the prohibition parade in Chicago caus
ed a protest to the war department that
Secretary Dickinson pronounced unwor
thy of consideration, declares that he
was not only a “teetotaler” and a
“prohibitionist,” but that it was his
desire that the whole world would
adopt the theories and practice of pro
“Because I have seen that strong
drink has been the cause of untold mis
ery to individuals, to families ami to
communities. 1 believe that prohibition
would be of inestimable benefit to this
country and to the world,” said General
! “I am convinced that its honest en
i foreement would solve many of Ihe so
cial and economic problems of the land.
11 have favored the cause of prohibition
'all my life, not that I have always been
la total abstainer, for I have not been,
' although I am now, but I have consist-
I ently believed that the liquor traffic
Iwas a source of evil. As my belief
Iwas strengthened by my own observa
I tions I decided that the cause demanded
more than passive acknowledgment of
its truth.”
“And so I am an out and out prohibi
tionist. ”
“Ihave seen the havoc of intemper-1
ance in all sorts of persons and among
all kinds of communities and I am
certain that if prohibition were of
fered properly many of the problems
which are now disturbing the country,
especially in the cities, would be solved.
The whole world would accept it.
“Where prohibition has been honest
ly enforced the cause of law and order
lias advanced. In those districts of the
south where the laws have been carried
out in regard to the regulation of the
liquor traffic I observed improvement
in general conditions.
“I am not rabid on the subject of
prohibition,” continued the general,
“and I fliink that'l am not too radical
in my belief in the value of prohibi
tion when I consider the length and
breadth of the experience which has
determined nay position on this point.”
Bristol, Tenn., Oct. 6.—1*0 protest the i
Tennessee half of Bristol, which is l
“dry,” against what he describes as I
f a “threatened deluge of drunks” from
the “wet,” or Virginia, half of the
city, Recorder T. J. Burrow, beginning
today, will impose a minimum fine ofi
$25 for drunkenness and declares i
“there is no guarantee that the fine
will not be raised to a larger amount.”
This action was taken because today
the saloons of the Virginia half of the
city were thrown open in accordance i
with the court decision declaringjfho
local option election of July 8. which |
was won by the “wets," to be legal. ;
J. M. Ball, general agent of the In
ternational 4 Great Northern, is on the
north end of that road today looking
after business. •
A New York Messenger boy recently was called to button a society woman’s dress, and in London they are called to
feed the Imbies from a bottle. Probably they may be soon called upon to <l.. the above stunts.
Crowded Special Train and a
Regular Passenger Crash
Together In Illinois.
Fact That Wreckage Did Not
Catch Fire Accounts for Fa
tality List Being So Small.
Associated Frees.
Springfield, 111.. Oct. 6.—One passen
ger was killed and thirty five others
were injured, four probably fatally,
in a collision at 9:40 o’clock last night
between a state fair special * taking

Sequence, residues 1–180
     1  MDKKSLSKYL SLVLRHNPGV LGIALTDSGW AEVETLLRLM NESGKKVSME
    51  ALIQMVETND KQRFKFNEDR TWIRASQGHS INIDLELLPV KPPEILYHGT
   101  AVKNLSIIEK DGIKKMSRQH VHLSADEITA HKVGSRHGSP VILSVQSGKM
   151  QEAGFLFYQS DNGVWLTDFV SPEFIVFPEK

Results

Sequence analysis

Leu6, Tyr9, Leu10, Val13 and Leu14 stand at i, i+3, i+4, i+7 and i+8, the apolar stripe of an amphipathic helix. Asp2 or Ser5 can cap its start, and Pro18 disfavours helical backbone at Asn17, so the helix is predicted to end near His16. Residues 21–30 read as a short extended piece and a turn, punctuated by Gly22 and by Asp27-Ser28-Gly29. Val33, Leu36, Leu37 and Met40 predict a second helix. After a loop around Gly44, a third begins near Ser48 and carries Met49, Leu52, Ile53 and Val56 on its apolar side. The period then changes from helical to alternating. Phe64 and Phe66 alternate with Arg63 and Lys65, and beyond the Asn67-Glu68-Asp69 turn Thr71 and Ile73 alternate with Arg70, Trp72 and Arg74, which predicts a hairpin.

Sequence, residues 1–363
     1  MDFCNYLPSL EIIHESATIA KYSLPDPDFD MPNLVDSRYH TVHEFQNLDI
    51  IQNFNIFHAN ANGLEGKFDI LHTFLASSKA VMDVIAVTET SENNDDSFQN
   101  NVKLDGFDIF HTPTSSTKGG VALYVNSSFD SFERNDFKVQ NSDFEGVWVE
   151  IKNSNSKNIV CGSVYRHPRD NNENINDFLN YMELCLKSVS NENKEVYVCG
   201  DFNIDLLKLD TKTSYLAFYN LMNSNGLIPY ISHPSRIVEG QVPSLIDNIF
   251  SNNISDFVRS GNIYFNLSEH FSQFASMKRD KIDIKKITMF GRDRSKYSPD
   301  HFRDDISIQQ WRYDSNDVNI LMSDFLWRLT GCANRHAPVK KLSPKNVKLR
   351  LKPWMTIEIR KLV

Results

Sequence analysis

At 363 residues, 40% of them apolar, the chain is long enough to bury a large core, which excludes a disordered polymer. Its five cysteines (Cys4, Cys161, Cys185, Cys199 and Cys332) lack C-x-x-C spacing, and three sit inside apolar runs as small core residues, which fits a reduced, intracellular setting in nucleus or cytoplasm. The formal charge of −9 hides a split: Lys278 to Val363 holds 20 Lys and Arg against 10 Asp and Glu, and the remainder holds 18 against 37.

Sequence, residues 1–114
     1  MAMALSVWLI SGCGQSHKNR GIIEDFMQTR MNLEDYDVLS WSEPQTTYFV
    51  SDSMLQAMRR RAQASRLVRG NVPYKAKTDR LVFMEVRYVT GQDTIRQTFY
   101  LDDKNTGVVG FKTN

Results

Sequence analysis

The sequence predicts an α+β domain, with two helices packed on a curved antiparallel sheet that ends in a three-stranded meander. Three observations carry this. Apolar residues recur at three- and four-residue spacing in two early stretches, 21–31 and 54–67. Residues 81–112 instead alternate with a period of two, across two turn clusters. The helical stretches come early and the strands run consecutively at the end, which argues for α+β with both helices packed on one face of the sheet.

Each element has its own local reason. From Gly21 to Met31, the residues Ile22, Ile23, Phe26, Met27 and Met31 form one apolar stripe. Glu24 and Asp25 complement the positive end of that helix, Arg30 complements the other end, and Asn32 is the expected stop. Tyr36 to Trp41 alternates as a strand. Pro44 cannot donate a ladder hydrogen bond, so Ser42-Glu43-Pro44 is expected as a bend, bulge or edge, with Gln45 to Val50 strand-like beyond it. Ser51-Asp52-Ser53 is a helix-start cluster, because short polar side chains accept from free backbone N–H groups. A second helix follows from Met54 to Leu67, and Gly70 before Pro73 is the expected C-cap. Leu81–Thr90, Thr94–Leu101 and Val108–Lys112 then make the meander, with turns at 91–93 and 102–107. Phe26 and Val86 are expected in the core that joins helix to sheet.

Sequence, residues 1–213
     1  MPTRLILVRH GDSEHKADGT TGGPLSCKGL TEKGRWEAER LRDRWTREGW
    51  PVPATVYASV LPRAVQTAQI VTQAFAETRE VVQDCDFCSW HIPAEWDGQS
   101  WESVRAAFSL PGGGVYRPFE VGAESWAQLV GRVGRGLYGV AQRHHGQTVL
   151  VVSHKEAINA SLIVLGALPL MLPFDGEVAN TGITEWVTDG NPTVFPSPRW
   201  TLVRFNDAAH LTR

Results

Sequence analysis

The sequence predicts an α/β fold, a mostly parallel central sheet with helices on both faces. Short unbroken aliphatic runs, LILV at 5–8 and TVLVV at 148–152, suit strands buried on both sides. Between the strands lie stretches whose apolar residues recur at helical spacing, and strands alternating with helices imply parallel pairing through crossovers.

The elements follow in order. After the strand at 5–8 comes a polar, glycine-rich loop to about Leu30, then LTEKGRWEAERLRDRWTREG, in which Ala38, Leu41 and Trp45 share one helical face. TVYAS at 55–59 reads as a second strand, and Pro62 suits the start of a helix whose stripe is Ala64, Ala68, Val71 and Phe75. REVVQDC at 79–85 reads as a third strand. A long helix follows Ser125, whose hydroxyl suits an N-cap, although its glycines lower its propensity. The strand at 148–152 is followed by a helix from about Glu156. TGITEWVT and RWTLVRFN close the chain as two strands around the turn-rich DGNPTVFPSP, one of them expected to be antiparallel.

Lome several hundred excursionists
who had been attending the state fair
in this city and a regular passenger
train on the Illinois Central at Parnell,
three miles south of Farmers City. It
was at first reported that at least a
dozen were killed and a hundred in
jured, but early today it was ascer
tained that but one person. Miss Clara
Watson of Farmers City, had been
The most seriously injured:
Conductor Duncan of Clinton of the
special, badly cut and bruised.
Engineer J. Clark of Clinton of the
special, right leg cut off at knee.
Engineer McCue, regular train, both
legs broken in jumping from engine
Jacob Ross of Gibson City, internal
injuries, will probably die.
Daniel Hollowell of Farmer City, in
ternal injuries, will probably die.
B. F. Barnes of Farmer City, frac
tured skull, will probably die.
Mrs. Thomas Bnfeman of Farmer
City, crushed about the head and chest,
mav die.
The wreck occurred on a sharp curve
while the two trains were running at
a high rate of speed and when the en
gines came together with terrific force,
four coaches of the special were smash
ed. The fact that the wreckage did not
catch fire was responsible for the num
ber of dead and injured being so small,
as many of the injured were pinned for
some time under the debris.
Associated Press. .
WASHINGTON, Oct. 6.—Commander Peary has accepted the invitation of
the National Geographical society to submit his proofs to them for verifies
tloUThis notice came to Prof. Willis Moore, president of the society, in a
telegram from Commander Peary in New October 1.
The board of managers of the National Geographic society sent to both
Pearv and Cook a resolution, the last paragraph of which was as foHows:
“The National Geographic society urges Commander Pear} amt Dr. cook
to speedily submit all observations, notes and data to a competent . cientific
commission in the United States.” . . it.;. Sn«u.
So far the society has heard nothing from Dr. Cook in answei to tin ‘Dvita
tion save through the public prints. In ease Dr. Cook fails to t 0
the invitation President Moore says a special commission will nevertheless
consider Peary’s data.
New York. Oct. 6. — Director* of the
Atchison. Topeka & Santa Fe railroad
today declared a semi annual dividend
of three per <-ent on common stock. T.
Dewitt Cuyler of Philadelphia was elee
ted a director in place of the late H. H.